This is probably why, when I saw the Akron Art Museum was hosting a showing of Escher’s works titled “Impossible Realities” (advertised using one of those Kmart Eschers with the trippy staircases), I was Confused. I’m no longer rabid about Pearl Jam, so how could M.C. Escher even matter anymore?

A Sunday afternoon viewing of the show led to me to realize that, yeah, Escher does still matter. For all the reasons that an artist’s body of work should endure the harsh passing of time, Escher’s life’s work — of which there’s a lot in “Impossible Realities,” from lithographs to woodcuts to sketches and more — was a marvel to behold in person.

That’s not why I say Escher still matters, though. This verdict is based on the audience with whom I numbered while viewing “Impossible Realities”: families, led by normal-enough looking parents who encouraged their knee-high offspring to repeat terms like “planes,” “infinity” and “spacial reality.” I recognized these people, even as I similarly tried to elicit some response from my two kids (one responded by hitting the wall until a security guard asked her to stop, while the other lay down and attempted to make imaginary snow angels on the hardwood floor). In college, I would have met these folks for bad coffee and talked about Pearl Jam until dawn.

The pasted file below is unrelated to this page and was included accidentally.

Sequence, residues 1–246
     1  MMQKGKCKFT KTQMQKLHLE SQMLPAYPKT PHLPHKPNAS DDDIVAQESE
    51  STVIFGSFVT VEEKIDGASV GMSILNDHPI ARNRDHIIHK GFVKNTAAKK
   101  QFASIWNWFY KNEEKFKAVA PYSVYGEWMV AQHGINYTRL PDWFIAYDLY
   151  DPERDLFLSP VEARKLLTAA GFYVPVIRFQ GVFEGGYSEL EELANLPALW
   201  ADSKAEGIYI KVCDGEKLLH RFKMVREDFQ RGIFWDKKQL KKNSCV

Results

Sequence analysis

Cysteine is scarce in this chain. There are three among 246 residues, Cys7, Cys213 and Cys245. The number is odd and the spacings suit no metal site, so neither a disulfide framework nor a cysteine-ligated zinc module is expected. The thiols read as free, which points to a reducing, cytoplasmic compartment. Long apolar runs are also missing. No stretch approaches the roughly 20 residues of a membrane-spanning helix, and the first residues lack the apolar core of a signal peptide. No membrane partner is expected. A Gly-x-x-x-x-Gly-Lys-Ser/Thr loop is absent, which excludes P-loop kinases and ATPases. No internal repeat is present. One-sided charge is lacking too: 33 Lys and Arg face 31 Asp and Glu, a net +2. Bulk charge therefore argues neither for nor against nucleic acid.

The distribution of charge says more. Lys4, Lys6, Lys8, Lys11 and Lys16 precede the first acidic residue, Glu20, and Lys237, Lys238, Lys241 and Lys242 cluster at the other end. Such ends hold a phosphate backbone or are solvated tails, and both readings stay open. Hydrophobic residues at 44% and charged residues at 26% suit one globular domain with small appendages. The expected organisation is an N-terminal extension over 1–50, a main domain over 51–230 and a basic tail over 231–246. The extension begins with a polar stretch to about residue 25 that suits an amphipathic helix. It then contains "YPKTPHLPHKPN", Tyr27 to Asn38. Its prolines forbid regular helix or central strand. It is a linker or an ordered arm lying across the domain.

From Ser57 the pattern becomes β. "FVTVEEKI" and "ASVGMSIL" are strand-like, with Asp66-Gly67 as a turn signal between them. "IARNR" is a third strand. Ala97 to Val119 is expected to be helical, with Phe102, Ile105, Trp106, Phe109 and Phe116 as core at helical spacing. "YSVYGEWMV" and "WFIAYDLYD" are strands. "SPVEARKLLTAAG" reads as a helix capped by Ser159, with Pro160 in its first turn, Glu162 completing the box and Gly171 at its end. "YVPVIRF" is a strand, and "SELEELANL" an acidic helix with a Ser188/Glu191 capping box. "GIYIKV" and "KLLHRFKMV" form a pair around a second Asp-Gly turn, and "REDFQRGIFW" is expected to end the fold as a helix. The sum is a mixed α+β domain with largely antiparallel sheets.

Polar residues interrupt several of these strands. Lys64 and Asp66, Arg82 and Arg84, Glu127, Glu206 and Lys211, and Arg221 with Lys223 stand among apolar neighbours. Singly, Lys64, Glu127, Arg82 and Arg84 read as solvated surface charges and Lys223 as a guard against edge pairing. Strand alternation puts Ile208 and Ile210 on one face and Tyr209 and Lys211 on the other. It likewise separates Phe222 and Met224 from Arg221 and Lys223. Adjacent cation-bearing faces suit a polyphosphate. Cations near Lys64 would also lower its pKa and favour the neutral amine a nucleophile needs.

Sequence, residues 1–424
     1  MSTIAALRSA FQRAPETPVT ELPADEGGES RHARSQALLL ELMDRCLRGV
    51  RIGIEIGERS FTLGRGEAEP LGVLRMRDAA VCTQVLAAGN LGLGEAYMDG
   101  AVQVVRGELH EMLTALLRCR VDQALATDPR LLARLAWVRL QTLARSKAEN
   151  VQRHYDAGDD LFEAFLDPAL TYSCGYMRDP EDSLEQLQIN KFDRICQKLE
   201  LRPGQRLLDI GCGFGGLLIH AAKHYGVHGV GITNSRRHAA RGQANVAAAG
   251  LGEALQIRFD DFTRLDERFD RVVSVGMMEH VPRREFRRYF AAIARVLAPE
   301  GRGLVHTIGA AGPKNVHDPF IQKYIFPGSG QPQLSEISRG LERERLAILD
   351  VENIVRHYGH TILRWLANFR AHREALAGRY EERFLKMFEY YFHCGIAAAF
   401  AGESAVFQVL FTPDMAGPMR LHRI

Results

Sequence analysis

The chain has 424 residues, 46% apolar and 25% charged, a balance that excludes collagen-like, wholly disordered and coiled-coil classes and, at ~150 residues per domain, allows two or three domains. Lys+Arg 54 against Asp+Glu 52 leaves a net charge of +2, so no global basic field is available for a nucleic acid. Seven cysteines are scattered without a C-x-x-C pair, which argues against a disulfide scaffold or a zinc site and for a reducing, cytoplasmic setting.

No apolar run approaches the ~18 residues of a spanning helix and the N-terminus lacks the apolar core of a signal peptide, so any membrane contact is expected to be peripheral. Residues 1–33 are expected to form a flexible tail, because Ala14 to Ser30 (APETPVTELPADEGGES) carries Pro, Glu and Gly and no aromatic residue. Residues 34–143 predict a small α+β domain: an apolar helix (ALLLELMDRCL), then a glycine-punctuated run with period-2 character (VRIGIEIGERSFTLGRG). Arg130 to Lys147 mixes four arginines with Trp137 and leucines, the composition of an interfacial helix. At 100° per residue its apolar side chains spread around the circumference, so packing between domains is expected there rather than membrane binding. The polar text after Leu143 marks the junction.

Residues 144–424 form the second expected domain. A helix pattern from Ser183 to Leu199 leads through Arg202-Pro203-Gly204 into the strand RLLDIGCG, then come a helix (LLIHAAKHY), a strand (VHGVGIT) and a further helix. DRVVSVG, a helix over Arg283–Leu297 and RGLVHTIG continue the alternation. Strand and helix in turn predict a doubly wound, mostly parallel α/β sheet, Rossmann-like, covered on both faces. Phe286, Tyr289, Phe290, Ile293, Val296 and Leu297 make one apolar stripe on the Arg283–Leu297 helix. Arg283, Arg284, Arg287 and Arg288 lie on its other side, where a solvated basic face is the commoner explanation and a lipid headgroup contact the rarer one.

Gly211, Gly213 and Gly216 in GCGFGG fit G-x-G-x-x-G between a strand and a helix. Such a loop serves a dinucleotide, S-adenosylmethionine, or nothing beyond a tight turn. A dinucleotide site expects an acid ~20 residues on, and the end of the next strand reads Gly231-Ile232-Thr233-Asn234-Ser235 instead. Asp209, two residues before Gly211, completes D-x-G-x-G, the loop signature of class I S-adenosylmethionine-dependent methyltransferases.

Through sheer force of will, former pretentious college students are instilling an appreciation of M.C. Escher’s artwork, ensuring that a future generation of pretentious college students will demand posters of staircases that lead absolutely nowhere.

Writer Rodney Wilson spends his days serving coffee at his Kent, OH, coffee shop, evenings wrangling two rambunctious daughters and nights writing a novel that refuses to end. He’s also a musician with a nasty case of tinnitus.

Comments?

E-mail them to editor Georgina K. Carson at gcarson@ bakermediagroup.com.

Read the full article at http://digital.ipcprintservices.com/article/Speak+Easy/676522/64937/article.html.